This test-drive T660 featured an 86-inch Studio Aerocab sleeper with Pendleton interior.
Kenworth’s T660 is the latest incarnation of the company’s first aerodynamic truck, the T600. With an optional APU and enhanced aerodynamics, the T660 sets you up to save money, and the comfortably appointed interior lets you do it in style, the company says.
To find out for myself how it measured up, I test-drove two differently spec’d T660s at Paccar’s Technology Center in Fredonia, Wash.
As snow started falling, I climbed into my first test-drive: a silver pearl T660 Aerocab with an 86-inch sleeper. Natural light from sleeper windows and the T660’s sunroof added to the Pendleton interior’s relaxing affect, even on a cloudy day.
The Pendleton interior styling and studio-sleeper room are eye catching. Wood-grain dash panels, slate-gray, diamond-tufted carpet and brown upholstery look refined yet sturdy. The seats, with numerous electric and manual controls, are heated, and when vertical, the armrests fold behind the seat backs for a wider walkway.
The package includes a refrigerator installed under-counter, television hookup and room for a microwave and coffee machine. It also has stainless steel lights, AM/FM stereo CD player with MP3 and Sirius capabilities, dash-mounted global positioning system, quiet-cab insulation and remote, keyless door locks.
The 86 inches of sleeper promise comfort, whether parked or rolling with a team. My 76-inch frame was comfortable stretched out east-west or north-south, with room to spare. The sofa bed has twice a single bunk’s width: just big enough for two, and there’s a folding upper bunk, too. Both bunks have clock, light and temperature controls.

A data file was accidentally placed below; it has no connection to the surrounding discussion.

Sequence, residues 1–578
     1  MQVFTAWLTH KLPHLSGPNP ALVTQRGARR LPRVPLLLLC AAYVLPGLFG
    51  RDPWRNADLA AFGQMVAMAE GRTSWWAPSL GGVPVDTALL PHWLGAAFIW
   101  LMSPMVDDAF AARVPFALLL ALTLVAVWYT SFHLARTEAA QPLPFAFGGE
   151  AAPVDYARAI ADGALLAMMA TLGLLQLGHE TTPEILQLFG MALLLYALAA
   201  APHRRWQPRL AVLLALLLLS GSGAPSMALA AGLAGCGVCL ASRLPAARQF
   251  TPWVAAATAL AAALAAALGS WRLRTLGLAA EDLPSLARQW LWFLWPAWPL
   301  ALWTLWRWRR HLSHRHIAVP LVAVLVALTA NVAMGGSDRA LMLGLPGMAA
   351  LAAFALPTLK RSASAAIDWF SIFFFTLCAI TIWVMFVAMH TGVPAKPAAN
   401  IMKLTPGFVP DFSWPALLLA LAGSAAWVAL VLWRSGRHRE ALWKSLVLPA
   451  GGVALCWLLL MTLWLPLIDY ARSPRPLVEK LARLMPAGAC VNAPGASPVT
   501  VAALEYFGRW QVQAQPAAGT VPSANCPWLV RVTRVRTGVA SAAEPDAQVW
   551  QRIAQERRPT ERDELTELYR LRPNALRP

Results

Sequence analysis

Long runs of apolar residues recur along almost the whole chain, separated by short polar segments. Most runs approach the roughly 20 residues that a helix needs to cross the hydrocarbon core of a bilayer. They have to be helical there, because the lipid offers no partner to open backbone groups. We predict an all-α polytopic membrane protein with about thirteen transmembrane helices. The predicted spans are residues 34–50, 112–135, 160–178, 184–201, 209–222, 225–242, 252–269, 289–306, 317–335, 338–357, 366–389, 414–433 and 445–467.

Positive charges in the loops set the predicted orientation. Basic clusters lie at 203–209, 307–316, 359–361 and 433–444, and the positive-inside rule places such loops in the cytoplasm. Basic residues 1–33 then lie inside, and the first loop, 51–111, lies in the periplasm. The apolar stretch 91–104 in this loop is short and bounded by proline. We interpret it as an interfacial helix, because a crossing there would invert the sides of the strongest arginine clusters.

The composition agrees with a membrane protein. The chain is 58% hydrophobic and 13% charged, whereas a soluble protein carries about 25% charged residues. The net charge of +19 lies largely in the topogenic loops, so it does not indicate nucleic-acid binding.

There’s plenty of smart-looking cabinet and under-bunk storage, and the big shelves on both sides, up high with three-inch retaining risers, are particularly roomy, secure and convenient. The sleeper windows double as emergency exits, and snow won’t come through the open sunroof while you’re rolling.
This interior more resembles that of a comfy motor home than a traditional truck, but functionally the cab shows Kenworth’s heavy-duty experience. Dash gauges are numerous but organized, easy to read and more reliable (the company has simplified its dash wiring). A multifunction digital display provides on-board diagnostics, fuel mileage and also a gear display: handy with an automatic transmission. Driver storage compartments are secure and accessible, the adjustable steering column has a position for every driver, and dash controls, including the GPS, are within an easy arm’s reach.
The T660’s sloped, aerodynamic hood is computer-designed to reduce drag, increase fuel mileage and increase visibility. Under the test truck’s hood was a 475-horsepower Caterpillar C15 with 1,650 lb.-ft. torque hooked to an Eaton 13-speed Ultrashift fully automatic transmission and leading to 3.55 Dana DSP40 drive axles and Bridgestone 295/75R22.5 tires. It had a concrete-block payload and weighed about 80,000 pounds.
The test-drive’s first leg followed Kenworth’s suggested route: state Highway 20 east to I-5 and south to exit 215; then back north to exit 221 and down two-lane country roads back to Highway 20. The second leg was west on 20 to Oak Harbor and back again.
I was southbound on I-5 when the snow reduced visibility to less than 100 feet. But the roads were too warm to freeze and the test rig was heavy, so I continued south well below the speed limit.